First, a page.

There is little experience and knowledge with the working of boards in India, as yet. The board is like the legislature of a company. It hires the top management, i.e. the executive. The board is the Principal and the management team is the Agent. The board initiates projects for designing / amending processes, and approves processes. It is intimately involved in setting strategy, determining budgets, and designing the organisation structure. It establishes performance reporting and holds the management accountable. It is an interesting blend of members who are full-time managers, checked by a majority of non-executive directors including a non-executive chairman. We in India have to learn how to build and operate such boards.

This reasoning has implications for business families and for financial investors. All business families think about successsion. By now, there is ample experience with successions that did not work out. Business families should also evaluate steering to the destination of a dispersed shareholding corporation. Perhaps the next generation will be better off as shareholders and board members. It is better to repeatedly hire CXOs with fire in the belly, in their 40s and 50s, and to sack people when things don't work, instead of being stuck with family members for multiple decades.

Converting from an autocratic firm to an institution yields greater predictability of performance and cashflow. This yields higher valuations on the stock market. The business families that are able to successfully navigate this transition will do better in converting their control of a firm into greater wealth. This is a safer strategy, than the vagaries of a transition from one family member to another.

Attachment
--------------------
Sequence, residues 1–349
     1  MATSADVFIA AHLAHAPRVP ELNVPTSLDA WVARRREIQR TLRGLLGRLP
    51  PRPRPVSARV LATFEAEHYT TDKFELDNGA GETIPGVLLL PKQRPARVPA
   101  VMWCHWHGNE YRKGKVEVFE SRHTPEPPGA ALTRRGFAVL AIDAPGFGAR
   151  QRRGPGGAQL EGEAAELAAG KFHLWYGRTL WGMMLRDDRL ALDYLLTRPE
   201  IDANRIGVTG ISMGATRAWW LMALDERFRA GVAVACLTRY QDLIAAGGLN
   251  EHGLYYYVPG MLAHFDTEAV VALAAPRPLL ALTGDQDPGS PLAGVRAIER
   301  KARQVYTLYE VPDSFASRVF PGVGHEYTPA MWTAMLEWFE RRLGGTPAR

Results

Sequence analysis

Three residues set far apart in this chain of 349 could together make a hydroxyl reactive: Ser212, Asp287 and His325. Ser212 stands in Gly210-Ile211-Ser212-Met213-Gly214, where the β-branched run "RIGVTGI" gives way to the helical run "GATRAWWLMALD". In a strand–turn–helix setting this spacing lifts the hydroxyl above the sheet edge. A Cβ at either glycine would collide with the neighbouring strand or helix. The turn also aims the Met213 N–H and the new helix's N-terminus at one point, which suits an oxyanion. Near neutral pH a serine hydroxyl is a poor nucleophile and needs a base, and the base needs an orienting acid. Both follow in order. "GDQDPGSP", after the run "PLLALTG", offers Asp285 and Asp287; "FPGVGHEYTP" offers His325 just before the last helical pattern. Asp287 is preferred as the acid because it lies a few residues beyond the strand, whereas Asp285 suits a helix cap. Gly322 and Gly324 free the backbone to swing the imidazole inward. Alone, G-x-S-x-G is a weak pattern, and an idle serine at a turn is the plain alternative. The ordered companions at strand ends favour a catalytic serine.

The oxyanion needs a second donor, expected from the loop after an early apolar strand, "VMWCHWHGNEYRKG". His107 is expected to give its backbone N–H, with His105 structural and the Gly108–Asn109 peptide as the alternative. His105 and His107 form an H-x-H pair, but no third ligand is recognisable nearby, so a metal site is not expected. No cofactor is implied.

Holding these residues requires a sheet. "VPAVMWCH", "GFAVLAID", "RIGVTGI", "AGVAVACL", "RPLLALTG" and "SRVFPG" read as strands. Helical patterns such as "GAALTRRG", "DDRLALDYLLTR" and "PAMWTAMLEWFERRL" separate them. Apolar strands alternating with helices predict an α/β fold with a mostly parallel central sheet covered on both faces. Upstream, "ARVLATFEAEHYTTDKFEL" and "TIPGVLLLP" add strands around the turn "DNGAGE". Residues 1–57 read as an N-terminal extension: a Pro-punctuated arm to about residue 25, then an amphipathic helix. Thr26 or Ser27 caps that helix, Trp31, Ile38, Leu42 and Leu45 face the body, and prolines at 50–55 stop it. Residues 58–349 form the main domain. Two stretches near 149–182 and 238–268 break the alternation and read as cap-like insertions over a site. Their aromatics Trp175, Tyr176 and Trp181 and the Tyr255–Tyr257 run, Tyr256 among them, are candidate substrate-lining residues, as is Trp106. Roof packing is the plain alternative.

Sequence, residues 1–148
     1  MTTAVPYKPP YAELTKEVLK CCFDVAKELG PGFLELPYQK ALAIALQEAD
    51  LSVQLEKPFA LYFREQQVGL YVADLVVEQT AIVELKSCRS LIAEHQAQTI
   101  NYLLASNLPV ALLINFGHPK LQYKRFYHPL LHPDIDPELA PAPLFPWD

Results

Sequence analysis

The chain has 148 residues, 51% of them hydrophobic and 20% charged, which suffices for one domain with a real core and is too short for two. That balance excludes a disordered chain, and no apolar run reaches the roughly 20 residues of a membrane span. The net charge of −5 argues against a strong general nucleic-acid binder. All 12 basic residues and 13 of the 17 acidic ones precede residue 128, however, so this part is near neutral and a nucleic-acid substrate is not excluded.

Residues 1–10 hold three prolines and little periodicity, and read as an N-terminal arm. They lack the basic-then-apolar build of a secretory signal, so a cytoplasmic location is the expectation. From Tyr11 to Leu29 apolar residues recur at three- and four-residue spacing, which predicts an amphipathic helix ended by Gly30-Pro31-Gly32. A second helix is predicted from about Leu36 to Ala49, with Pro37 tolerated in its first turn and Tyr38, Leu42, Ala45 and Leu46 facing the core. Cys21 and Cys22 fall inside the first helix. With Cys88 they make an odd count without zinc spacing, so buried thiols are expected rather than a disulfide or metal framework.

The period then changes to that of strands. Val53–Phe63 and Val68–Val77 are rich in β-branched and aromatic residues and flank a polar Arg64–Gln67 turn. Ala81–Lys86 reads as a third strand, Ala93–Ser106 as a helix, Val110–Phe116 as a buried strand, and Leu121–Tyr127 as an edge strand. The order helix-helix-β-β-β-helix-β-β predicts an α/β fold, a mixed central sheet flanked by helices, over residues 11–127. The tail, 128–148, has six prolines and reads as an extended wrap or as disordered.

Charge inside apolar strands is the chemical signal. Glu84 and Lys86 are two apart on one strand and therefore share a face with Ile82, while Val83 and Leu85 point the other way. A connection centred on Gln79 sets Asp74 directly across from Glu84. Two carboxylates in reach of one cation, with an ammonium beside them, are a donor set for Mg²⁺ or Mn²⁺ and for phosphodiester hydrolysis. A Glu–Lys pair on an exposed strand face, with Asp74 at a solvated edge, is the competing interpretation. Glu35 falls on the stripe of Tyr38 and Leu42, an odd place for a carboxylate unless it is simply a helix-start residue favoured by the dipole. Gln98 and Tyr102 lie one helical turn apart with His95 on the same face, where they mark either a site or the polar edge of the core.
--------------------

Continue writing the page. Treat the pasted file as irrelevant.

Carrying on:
This reasoning also matters for financial investors. When we look at a firm, we should recognise and value the fact that an organisation like Infosys is an institution with greater dispersal of power, even though its performance today appars troubled when compared with Wipro, where power is more centralised. Wipro will go through greater problems of succession, and the complexities of dispersing power, in the coming decade.

Investors should be more willing to buy long term instruments -- i.e. shares and long-dated bonds -- of firms which are institutions. An autocratic firm that is faring well today can only be trusted on the horizons of its present CEO, and it is better to stick with investing in near bonds.

It is fashionable, in the world of Indian business, to take pride in the decisive actions of an autocratic business, to look down upon the bureaucracy and politics that is found in institutionalised organisations such as Hindustan Lever or the government. It is fashionable to look down upon weak CEOs. We should rethink these notions. The real greatness lies in the way almost all great firms of the world are institutions. They cannot make a decision quickly, their CEOs have reduced power, they have complex internal politics, but they lumber on for decades and outperform the solo flyers.

Back up to Ajay Shah's 2016 media page
Back up to Ajay Shah's home page